The drawer of the bronze, embossed cash register slammed shut with the enticing jingle of hard cash.
"Thank you for your custom, sir, and a very merry Christmas." The owner of the small tobacco store smiled amiably at the man who had just purchased six of his most expensive cigars.
Stepping past the six-foot tall wooden Indian on the boardwalk, Hannibal Heyes slid the neatly wrapped box into his coat pocket and stood for a moment surveying the dimly lit main street of Ironwood, Colorado. It was getting late and many of the store owners were dousing their lamps and locking their doors so that they could go home and spend what was left of Christmas Eve with their families.
Heyes and his partner, Kid Curry, had arrived in town a little later than expected; a rock fall having blocked the little-known trail they had elected to use and forcing them to backtrack for several miles. Therefore, instead of making the saloon or the hotel their priority they had quickly hitched their horses to the first rail they came to and made off in opposite directions to a store of their choosing.
When it came to buying Christmas gifts the former leaders of the Devil's Hole Gang didn't usually bother, mainly because they didn't always have money to spend on incidentals, but this year they were feeling flush, having been well paid for another delivery job on behalf of Colonel Harper.
Heyes looked up and down the street, his eyes eventually coming to rest on the general store. He was certain the Kid had headed that way but, not wishing to spoil any surprise tomorrow morning may bring, he decided to wait for his partner by their horses. He hoped the Kid would not be too long — as night fell, so would the temperature.
Just as he was about to step off the boardwalk he hastily changed direction, darted into an alley, and pressed his back firmly against the nearest building.
Walking along the opposite side of the street was a man clad in a long, ragged poncho and an old, brown fedora hat. Heyes' eyes strained to see more clearly through the deepening gloom. That couldn't be Righteous Adams, could it? The bounty hunter was the last person he expected to run into in this pleasant little burg deep in the foothills of the Rocky Mountains. Adams was more of a hot, dusty cantina, border town type and Heyes was certain he couldn't have been on their trail. He and the Kid had taken that old track for a reason — to ensure nobody could follow them without their knowledge.
As Heyes watched, the man stopped to peer through a shop window and the former outlaw leader's breath caught in his throat.
"You seen one you like yet, fella?" queried Rube Howell, the proprietor of the Ironwood General Store. The young man in front of him had been staring in dismay at the colourful array of woollen mufflers set out on the counter top for what seemed like an eternity.
Kid Curry frowned as he picked up a long, thick, knitted one. "Who'd a thought there'd be so many to choose from?"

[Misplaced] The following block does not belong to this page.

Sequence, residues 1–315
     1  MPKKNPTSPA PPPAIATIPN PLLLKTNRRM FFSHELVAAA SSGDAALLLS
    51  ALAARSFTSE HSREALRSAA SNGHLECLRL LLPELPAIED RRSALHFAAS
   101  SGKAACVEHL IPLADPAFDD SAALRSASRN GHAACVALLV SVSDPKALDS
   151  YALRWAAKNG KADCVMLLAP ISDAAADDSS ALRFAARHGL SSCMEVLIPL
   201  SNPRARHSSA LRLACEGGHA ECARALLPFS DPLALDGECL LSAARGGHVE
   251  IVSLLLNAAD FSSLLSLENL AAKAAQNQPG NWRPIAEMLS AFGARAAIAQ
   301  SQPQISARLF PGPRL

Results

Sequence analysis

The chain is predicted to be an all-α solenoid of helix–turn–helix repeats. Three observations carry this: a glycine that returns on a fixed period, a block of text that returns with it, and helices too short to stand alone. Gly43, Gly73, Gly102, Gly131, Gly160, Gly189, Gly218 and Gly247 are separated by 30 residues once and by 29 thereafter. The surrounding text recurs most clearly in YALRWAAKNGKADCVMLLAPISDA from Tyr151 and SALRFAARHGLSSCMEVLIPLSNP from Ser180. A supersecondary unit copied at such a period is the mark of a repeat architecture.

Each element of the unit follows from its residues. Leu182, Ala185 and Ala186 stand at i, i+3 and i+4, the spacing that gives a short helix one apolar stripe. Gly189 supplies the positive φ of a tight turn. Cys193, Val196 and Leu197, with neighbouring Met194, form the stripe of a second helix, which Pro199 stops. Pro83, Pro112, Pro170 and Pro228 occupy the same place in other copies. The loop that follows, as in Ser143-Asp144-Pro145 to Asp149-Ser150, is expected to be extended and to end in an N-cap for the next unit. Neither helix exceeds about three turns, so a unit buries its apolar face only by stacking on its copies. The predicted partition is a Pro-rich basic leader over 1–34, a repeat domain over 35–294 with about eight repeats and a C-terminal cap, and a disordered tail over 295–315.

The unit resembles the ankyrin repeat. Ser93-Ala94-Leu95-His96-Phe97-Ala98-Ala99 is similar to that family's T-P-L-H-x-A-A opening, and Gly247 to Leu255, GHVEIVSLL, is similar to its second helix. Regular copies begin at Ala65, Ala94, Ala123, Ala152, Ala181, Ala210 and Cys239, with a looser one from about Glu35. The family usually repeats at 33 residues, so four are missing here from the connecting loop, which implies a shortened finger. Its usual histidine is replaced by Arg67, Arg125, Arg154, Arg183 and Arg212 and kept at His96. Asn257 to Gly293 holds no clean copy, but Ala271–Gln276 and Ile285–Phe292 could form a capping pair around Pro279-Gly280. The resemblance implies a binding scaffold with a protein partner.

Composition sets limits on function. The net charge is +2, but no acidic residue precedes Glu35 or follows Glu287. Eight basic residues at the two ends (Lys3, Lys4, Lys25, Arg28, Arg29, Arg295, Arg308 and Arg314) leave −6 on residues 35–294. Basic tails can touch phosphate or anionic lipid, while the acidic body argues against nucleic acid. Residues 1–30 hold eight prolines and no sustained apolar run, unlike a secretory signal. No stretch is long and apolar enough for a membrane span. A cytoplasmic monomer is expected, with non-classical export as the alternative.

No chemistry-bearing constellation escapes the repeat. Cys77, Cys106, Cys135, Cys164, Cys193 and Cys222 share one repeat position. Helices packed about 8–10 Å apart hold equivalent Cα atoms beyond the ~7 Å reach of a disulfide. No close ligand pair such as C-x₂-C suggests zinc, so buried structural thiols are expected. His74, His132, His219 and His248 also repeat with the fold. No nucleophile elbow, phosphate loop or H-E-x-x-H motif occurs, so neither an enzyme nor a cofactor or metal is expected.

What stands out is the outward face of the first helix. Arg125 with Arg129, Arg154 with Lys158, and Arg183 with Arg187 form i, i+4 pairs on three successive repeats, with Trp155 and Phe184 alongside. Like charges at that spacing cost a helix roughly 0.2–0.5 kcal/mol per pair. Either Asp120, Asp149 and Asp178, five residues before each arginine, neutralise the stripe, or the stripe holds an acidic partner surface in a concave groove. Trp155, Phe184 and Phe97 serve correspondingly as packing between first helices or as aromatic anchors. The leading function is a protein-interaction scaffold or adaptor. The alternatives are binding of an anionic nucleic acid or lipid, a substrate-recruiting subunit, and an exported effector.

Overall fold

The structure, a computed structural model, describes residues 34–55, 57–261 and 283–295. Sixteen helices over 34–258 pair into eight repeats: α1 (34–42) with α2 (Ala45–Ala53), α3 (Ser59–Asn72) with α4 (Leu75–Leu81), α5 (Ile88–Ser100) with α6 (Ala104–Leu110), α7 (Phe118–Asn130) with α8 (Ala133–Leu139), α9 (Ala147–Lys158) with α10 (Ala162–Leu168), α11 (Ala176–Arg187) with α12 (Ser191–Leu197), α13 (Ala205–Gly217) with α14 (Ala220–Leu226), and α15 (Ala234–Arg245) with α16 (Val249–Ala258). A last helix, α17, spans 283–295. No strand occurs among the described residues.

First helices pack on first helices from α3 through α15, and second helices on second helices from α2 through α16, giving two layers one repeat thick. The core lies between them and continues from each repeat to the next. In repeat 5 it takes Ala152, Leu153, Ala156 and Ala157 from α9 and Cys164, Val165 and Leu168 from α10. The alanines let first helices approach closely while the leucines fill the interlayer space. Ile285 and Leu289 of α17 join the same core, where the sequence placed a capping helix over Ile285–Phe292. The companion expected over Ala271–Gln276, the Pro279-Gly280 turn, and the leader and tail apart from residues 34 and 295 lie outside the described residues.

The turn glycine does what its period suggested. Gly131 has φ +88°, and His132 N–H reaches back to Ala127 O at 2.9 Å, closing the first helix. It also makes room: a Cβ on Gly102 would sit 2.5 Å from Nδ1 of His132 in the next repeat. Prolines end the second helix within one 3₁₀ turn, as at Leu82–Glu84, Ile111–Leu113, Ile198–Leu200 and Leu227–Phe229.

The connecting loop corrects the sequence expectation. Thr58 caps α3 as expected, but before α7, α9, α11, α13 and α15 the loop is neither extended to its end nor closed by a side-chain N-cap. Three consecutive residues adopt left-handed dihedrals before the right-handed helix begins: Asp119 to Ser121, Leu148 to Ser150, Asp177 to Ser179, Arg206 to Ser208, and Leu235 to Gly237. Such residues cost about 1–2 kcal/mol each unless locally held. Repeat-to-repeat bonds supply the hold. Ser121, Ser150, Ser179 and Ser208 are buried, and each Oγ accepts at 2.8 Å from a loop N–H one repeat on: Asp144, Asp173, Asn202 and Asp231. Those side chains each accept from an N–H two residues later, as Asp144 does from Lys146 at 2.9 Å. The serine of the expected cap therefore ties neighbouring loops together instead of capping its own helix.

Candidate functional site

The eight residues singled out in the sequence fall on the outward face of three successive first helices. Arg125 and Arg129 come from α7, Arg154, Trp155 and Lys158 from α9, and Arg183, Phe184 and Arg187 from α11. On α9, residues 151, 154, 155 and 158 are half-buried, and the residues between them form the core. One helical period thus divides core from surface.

"All top quality too. Nothin' but the best in my store, yessiree. You'll be real warm wearing any one o' these."
"Oh, it ain't for me. It's a present for my friend. He's always complainin' about the cold."
Trying not to show his impatience Rube forced a smile. He normally took great pride in the level of service he provided as well as the quality of the goods he offered for sale, however, it was almost closing time and today had been a very long one.
Finally, Curry announced. "I'll take the blue."
"A very good choice. That'll be three dollars even."
Reaching into his pants' pocket Curry pulled out a fifty dollar gold piece and placed it on the counter with a slightly apologetic look. He hadn't long been paid and there had not been an opportunity to break into it until now.
"A 'slug'!" Rube exclaimed, his eyes widening at the sight of the shiny coin. "Ain't you got nuthin' smaller?"
Curry sighed and began to search his pockets.
"While you're lookin', do you mind if I start clearin' up?" Rube asked.
Curry shook his head, so engrossed was he in retrieving a number of coins which appeared to have escaped into the lining of his sheepskin jacket. He also didn't bother to look up when the street door opened admitting a cold gust of air along with another late shopper.
The rough-looking stranger made straight for the small collection of hats on display. Rube was not surprised at this considering the state of the fedora he wore. What did surprise him was that the man had managed to find the display at all, seeing as it was almost hidden behind an oversized Christmas tree, the top of which touched the ceiling while the spread of its boughs took up a lot more trading space than he was happy with. The tree had been his wife's choice and she had taken a great deal of time and pleasure in liberally decorating its boughs with all manner of ornaments, mostly brightly coloured glass baubles and delicate angel figurines made of china. She had also draped it with one further extravagance — thin strips of tinsel made from real silver. Rube had to admit that it looked very festive and he had even chuckled at the sight of the elf in a little green hat which was pinned to the top.
Leaving the two men for a moment he carefully sidled past the tree, ensuring he did not disturb any of his wife's hard work, and through the partially blocked doorway in order to fetch his broom. He had only just begun sweeping the shop floor when he heard the unmistakeable click of a revolver being cocked. Kid Curry heard it too, and grimaced at the words which inevitably followed.